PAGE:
A sign of how blistering hot it’s been lately: Miami set a record on Saturday for the number of consecutive days – 35 – with temperatures of 90 degrees or higher.
That broke the old record of 34 days, set from Aug. 5 to Sept. 7, 1952.
The streak continued on Monday, as Miami now has seen 37 straight days of 90-plus readings. West Palm Beach actually as seen a longer streak with 39 days as of Monday, but that’s far from the city’s record of 71 days set in 1951.
Fort Lauderdale, meanwhile, had a streak of only at seven days as of Monday, as temperatures plummeted to a brisk 88 degrees on Aug. 7.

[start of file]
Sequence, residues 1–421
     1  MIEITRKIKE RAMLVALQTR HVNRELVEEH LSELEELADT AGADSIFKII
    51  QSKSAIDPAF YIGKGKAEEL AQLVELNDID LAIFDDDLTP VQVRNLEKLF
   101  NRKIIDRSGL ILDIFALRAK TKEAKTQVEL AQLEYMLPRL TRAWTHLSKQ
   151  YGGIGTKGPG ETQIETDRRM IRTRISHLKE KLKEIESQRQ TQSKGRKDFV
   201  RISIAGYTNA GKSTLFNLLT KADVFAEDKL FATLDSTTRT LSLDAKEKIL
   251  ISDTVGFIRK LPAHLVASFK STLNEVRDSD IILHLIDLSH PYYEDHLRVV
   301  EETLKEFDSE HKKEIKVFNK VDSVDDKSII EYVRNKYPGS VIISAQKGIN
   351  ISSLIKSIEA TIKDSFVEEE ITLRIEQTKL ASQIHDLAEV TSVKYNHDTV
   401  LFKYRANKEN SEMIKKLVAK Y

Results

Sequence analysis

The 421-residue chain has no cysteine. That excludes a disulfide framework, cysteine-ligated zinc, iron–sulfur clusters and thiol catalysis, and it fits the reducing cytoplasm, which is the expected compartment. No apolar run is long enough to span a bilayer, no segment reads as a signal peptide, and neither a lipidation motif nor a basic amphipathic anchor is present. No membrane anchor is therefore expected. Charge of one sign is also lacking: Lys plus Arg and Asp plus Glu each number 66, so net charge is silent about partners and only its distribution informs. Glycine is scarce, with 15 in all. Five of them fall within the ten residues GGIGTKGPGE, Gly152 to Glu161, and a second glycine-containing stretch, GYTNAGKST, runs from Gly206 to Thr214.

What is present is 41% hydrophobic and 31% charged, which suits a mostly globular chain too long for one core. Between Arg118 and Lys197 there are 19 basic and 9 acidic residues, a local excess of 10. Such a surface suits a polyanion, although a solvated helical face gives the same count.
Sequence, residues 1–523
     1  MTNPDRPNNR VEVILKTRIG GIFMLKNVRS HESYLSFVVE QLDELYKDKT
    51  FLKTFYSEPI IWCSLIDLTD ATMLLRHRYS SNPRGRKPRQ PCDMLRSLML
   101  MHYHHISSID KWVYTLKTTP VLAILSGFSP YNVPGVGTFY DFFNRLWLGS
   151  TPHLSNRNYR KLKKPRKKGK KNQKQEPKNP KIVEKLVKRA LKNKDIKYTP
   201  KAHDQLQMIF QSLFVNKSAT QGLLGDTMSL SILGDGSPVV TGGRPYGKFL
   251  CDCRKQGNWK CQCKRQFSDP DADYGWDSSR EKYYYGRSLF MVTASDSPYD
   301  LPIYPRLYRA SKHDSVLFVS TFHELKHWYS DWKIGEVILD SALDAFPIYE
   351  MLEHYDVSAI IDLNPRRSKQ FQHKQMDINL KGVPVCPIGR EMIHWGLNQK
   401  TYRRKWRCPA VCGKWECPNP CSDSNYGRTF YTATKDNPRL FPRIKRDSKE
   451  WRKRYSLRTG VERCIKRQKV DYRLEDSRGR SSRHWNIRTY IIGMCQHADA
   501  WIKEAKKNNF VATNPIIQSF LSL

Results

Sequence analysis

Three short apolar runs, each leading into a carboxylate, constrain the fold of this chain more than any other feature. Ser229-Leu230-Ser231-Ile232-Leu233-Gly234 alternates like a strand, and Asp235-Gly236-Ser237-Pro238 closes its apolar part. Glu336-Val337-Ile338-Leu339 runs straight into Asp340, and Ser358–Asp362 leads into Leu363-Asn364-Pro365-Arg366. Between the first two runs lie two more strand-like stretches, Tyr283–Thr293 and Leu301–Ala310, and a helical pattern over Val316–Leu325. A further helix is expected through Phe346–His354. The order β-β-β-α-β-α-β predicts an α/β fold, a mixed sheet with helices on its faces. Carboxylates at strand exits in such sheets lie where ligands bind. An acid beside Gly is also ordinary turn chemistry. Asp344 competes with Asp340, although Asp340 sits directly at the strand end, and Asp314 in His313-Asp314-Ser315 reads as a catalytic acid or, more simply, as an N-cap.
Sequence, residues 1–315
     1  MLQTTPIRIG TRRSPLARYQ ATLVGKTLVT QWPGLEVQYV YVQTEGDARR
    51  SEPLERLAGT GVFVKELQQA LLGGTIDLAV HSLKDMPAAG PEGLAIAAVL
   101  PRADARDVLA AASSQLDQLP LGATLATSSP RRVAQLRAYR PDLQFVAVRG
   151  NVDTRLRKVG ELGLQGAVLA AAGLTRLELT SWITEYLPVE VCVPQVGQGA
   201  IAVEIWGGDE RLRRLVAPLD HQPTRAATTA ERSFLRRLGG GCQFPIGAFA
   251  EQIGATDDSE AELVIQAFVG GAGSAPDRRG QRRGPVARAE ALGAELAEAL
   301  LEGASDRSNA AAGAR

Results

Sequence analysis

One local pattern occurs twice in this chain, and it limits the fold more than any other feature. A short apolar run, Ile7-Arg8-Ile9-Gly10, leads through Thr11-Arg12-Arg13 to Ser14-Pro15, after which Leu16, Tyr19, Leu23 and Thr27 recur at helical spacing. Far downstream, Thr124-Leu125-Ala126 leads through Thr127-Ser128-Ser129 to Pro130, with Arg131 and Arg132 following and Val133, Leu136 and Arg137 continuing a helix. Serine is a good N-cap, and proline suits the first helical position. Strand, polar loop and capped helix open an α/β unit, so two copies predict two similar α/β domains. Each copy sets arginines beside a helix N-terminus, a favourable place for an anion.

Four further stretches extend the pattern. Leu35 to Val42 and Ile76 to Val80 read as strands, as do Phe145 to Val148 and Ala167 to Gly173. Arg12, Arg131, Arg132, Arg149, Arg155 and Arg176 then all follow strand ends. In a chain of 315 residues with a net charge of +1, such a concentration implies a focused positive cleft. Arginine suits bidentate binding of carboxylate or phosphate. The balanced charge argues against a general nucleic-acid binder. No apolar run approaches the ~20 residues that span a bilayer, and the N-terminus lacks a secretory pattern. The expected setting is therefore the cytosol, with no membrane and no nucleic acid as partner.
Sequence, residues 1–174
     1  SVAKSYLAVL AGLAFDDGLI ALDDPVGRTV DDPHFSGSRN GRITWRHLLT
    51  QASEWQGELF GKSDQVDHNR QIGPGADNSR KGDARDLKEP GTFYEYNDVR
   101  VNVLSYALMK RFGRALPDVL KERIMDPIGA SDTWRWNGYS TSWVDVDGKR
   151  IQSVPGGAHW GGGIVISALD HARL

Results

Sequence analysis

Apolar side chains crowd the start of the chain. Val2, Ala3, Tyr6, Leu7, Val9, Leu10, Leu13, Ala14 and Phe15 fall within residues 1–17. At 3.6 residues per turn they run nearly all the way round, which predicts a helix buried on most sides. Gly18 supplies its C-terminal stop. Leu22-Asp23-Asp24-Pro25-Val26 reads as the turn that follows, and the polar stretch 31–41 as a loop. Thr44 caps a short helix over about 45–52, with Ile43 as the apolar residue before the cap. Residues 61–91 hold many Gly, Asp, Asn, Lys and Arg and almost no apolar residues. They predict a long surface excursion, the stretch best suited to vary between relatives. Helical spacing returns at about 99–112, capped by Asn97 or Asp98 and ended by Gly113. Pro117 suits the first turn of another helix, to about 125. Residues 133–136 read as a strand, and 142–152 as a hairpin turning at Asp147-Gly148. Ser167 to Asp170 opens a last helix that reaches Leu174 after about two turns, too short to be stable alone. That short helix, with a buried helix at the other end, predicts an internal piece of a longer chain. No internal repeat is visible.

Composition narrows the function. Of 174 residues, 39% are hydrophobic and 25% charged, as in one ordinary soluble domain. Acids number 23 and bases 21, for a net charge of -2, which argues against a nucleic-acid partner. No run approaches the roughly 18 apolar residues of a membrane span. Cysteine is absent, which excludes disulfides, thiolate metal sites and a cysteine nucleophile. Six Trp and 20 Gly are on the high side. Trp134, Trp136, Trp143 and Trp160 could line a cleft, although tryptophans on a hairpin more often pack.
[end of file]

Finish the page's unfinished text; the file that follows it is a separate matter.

Guess what Tuesday's forecast calls for: That’s right, afternoon temperatures in the low 90s across the entire region.
While it’s unusual for the heat to be on so consistently, the fact that it’s been hot this summer is nothing new, meteorologist Robert Molleda of the National Weather Service in Miami said. He noted that average high temperature in Miami in July and August is 91 degrees.
Further, compared to the hot-streak in Texas, South Florida by comparison is rather cool; Dallas-Fort Worth saw 40 consecutive days of 100-plus temperatures, a streak that finally ended on Aug. 11. (That area’s record is 42 consecutive days, set in 1980.)
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